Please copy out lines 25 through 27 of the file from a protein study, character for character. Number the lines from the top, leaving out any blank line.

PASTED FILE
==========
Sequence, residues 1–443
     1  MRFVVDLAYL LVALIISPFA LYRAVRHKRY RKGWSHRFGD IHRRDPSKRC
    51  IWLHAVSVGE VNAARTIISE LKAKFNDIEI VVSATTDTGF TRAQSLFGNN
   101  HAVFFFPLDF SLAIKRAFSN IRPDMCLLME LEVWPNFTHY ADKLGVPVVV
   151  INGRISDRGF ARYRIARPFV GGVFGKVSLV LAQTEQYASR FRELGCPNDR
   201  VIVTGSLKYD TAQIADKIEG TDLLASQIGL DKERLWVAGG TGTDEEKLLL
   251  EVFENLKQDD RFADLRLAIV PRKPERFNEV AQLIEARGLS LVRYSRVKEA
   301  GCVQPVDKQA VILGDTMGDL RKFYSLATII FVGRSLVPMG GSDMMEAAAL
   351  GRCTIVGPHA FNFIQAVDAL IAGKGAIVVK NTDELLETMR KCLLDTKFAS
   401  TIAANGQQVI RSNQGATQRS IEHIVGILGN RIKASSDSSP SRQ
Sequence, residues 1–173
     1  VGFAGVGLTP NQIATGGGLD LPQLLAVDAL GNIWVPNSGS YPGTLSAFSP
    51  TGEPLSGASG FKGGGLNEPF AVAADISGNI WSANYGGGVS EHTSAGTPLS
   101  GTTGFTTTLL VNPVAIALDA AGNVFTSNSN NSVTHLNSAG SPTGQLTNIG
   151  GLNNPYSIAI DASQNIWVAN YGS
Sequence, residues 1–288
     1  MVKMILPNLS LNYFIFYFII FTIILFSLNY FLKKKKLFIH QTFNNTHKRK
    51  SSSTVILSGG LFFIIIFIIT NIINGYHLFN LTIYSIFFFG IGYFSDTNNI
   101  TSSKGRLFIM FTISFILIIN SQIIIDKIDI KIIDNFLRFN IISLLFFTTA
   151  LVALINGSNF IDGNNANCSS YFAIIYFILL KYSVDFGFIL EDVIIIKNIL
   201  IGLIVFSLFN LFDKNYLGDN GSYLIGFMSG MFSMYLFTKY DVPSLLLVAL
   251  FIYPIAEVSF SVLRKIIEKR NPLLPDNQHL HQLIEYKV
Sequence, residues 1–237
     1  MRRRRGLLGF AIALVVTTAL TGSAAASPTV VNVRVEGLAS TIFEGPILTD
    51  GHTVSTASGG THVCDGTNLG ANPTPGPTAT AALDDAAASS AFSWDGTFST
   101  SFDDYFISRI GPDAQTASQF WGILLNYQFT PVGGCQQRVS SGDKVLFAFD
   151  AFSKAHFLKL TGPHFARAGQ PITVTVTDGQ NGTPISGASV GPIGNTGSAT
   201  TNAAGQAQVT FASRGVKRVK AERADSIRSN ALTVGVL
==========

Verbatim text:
    51  GHTVSTASGG THVCDGTNLG ANPTPGPTAT AALDDAAASS AFSWDGTFST
   101  SFDDYFISRI GPDAQTASQF WGILLNYQFT PVGGCQQRVS SGDKVLFAFD
   151  AFSKAHFLKL TGPHFARAGQ PITVTVTDGQ NGTPISGASV GPIGNTGSAT